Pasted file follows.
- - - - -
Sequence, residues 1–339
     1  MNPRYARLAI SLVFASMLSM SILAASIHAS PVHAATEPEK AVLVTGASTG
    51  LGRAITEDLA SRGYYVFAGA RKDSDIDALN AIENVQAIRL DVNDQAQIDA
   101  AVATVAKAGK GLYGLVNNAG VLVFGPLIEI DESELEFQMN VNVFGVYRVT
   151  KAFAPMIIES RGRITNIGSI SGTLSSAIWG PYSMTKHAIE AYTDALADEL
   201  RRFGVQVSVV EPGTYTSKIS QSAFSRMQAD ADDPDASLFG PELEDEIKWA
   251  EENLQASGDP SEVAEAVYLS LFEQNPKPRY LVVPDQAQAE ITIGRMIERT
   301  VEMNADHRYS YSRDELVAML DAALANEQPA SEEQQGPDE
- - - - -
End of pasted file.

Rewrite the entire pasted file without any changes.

Sequence, residues 1–339
     1  MNPRYARLAI SLVFASMLSM SILAASIHAS PVHAATEPEK AVLVTGASTG
    51  LGRAITEDLA SRGYYVFAGA RKDSDIDALN AIENVQAIRL DVNDQAQIDA
   101  AVATVAKAGK GLYGLVNNAG VLVFGPLIEI DESELEFQMN VNVFGVYRVT
   151  KAFAPMIIES RGRITNIGSI SGTLSSAIWG PYSMTKHAIE AYTDALADEL
   201  RRFGVQVSVV EPGTYTSKIS QSAFSRMQAD ADDPDASLFG PELEDEIKWA
   251  EENLQASGDP SEVAEAVYLS LFEQNPKPRY LVVPDQAQAE ITIGRMIERT
   301  VEMNADHRYS YSRDELVAML DAALANEQPA SEEQQGPDE